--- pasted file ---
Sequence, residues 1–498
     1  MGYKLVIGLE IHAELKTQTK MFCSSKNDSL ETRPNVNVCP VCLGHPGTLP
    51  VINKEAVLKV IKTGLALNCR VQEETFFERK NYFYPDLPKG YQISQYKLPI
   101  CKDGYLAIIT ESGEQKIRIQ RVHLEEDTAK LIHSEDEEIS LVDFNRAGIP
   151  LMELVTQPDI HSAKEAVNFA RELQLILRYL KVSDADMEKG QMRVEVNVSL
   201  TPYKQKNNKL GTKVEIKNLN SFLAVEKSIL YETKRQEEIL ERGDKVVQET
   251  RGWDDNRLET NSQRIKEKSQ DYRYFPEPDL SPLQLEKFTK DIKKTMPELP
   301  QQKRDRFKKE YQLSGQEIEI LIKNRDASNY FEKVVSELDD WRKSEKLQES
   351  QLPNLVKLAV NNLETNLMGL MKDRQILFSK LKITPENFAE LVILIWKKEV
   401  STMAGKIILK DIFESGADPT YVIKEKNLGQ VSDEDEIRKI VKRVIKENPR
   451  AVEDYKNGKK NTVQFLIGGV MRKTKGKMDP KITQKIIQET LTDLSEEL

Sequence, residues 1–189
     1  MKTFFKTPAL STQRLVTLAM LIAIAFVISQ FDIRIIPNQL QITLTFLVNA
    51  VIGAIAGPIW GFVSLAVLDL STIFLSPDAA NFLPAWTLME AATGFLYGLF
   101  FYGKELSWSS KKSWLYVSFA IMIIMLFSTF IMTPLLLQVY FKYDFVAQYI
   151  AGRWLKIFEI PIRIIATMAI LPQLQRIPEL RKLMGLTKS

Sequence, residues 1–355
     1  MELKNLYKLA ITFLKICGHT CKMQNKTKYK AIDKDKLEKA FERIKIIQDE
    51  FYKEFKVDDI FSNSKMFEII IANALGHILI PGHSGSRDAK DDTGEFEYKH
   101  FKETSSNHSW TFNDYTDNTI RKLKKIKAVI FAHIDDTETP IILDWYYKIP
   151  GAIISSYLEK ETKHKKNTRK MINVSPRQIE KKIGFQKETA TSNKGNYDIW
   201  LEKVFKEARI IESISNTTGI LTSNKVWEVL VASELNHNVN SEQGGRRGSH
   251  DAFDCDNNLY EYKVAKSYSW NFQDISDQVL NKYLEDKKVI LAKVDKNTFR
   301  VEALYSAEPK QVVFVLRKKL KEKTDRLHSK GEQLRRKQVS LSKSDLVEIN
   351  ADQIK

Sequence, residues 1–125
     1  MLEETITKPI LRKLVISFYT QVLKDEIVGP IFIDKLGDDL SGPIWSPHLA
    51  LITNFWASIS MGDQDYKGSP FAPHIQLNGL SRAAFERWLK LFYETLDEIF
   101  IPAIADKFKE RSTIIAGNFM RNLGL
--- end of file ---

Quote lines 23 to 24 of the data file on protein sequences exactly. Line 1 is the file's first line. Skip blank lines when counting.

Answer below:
   251  DAFDCDNNLY EYKVAKSYSW NFQDISDQVL NKYLEDKKVI LAKVDKNTFR
   301  VEALYSAEPK QVVFVLRKKL KEKTDRLHSK GEQLRRKQVS LSKSDLVEIN